» Read more

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Open hardware is the future for living with a physical disability

open source health

This year, I was privileged enough to speak at the Open Hardware Summit. It was a wonderful experience, and I hope to return again in the years to come. During my time making cool projects for Hackaday, I regularly experienced that fantastic feeling that came with the realization that people really enjoyed the things I made. I had a few that turned out to be fairly popular. This Portal Gun that levitates a companion cube, for example, has more than 1.6 million views. The Thor's Hammer with embedded Tesla coil showed up on TV screens in subways in China.

Even though I felt really good about them, there are other projects that feel even better. Those projects are simple gaming controllers for people who have physical disabilities that make it difficult for them to operate standard, off-the-shelf controllers.

» Read more

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Open.Michigan Translation Project: case study on health education for Uganda

translating open health materials

Back in January, we launched our translation pilot for Open.Michigan, focusing on two video series for health education. We are thrilled to report that the translation activities are still going strong—57 volunteers to date, 53 videos that include 128 completed translations covering 11 languages, and expansion into our family medicine video series. We are amazed at the skill and dedication of our volunteer translators.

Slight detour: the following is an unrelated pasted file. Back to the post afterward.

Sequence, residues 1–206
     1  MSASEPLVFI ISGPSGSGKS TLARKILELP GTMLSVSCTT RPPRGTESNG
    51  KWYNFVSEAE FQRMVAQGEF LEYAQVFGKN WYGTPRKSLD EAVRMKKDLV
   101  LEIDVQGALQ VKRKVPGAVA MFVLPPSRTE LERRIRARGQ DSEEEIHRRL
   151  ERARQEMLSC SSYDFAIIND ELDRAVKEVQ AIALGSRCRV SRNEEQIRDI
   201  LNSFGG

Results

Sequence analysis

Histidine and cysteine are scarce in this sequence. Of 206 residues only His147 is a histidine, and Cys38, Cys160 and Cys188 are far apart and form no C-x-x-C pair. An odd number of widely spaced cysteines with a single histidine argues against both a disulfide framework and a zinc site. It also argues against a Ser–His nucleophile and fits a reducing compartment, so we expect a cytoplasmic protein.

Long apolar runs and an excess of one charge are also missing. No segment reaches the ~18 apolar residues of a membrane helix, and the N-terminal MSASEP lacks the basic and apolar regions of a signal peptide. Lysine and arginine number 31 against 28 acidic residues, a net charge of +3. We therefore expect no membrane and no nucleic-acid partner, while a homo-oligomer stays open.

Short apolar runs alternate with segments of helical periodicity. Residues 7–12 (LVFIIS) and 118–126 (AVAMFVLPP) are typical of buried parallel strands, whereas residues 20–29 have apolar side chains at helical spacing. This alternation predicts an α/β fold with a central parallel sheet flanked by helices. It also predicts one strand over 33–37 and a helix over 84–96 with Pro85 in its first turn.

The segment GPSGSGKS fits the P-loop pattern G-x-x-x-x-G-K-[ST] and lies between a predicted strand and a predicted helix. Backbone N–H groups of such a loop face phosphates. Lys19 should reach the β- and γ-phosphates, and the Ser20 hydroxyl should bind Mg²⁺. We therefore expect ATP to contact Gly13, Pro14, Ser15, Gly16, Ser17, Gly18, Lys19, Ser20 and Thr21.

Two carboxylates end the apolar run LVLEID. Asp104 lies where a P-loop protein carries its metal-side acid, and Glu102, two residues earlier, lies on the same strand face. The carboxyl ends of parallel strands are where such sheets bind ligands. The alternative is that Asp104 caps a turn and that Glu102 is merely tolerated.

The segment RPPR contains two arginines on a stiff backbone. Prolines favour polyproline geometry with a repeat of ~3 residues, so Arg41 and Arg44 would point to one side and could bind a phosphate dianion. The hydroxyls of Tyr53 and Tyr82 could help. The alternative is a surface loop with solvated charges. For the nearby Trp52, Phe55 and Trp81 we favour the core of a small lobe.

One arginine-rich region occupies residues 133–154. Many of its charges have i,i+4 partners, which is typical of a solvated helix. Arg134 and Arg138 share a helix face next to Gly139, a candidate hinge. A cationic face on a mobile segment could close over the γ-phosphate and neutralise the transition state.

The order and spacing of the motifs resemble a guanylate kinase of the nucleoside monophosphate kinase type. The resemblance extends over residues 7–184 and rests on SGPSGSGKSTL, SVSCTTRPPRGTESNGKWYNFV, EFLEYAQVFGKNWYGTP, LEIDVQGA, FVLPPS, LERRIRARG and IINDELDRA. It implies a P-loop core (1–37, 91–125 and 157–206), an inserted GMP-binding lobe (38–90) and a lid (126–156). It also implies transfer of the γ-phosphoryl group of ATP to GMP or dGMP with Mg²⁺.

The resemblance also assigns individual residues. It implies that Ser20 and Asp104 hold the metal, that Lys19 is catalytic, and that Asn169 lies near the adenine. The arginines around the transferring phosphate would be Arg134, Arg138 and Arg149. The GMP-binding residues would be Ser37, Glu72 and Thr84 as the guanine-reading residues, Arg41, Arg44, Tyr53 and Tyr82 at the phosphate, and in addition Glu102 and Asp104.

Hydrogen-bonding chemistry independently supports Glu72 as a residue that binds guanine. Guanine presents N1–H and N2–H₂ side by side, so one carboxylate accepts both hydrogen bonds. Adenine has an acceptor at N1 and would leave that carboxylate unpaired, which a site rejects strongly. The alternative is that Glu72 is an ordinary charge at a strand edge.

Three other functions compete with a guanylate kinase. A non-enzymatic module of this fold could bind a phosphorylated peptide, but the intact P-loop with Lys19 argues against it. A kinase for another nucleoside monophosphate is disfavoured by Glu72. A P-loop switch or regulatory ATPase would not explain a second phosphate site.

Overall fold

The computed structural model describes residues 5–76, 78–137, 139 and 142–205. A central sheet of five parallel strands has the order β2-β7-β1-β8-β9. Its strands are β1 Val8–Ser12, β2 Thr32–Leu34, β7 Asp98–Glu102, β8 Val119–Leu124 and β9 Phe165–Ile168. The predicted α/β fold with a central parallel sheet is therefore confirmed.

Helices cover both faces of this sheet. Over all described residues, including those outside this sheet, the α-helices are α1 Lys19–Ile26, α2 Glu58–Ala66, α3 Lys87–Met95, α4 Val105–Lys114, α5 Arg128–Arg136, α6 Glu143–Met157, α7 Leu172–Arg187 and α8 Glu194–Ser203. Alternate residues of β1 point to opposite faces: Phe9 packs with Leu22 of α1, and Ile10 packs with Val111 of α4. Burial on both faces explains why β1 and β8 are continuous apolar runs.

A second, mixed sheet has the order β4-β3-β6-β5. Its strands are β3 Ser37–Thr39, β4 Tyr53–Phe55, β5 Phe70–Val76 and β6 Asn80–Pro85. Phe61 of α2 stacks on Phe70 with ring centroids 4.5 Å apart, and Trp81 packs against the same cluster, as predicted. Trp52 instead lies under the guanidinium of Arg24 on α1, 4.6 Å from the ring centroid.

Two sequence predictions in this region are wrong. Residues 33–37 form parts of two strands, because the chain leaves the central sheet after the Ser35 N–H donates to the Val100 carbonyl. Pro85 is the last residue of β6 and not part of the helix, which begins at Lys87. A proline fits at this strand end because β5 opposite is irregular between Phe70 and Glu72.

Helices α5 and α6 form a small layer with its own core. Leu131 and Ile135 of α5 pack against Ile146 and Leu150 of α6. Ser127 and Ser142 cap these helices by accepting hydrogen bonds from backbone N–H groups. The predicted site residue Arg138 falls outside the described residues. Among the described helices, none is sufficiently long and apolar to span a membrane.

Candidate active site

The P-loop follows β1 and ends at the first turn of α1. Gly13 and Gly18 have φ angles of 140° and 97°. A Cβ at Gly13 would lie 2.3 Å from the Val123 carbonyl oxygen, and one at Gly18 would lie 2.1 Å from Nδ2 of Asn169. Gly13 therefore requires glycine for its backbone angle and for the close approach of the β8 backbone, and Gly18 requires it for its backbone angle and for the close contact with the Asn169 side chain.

» Read more

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Node.js integrates with M: a tutorial, part two

M database and node.js

In part one of this tutorial, I introduced the integration between the hierarchical data structures of the M database and the hierarchical structures of the Node.js language.

Here, in part two, I focus on the fact that this integration is equivalent to incorporating persistance storage in the Node.js language using a data model similar to JSON structures. This built upon a proven database that is known to deliver high performace for demanding applications. » Read more

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Tracking real-time health with Twitter data serves as an early warning system

Twitter data for healthcare

As the open source ethic has changed the way that we share and develop resources, crowdsourcing is redefining how we can create new resources based upon that willingness to share. One example of crowdsourcing at work for the betterment of us all is public health researchers turning to Twitter to collect real-time data about public health.

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Node.js integrates with M: Next big thing in healthcare IT

M Language and Databse

Join the M revolution and the next big thing in healthcare IT: the integration of the node.js programming language with the NoSQL hierarchical database, M.

was developed to organize and access with high efficiency the type of data that is typically managed in healthcare, thus making it uniquely well-suited for the job.

» Read more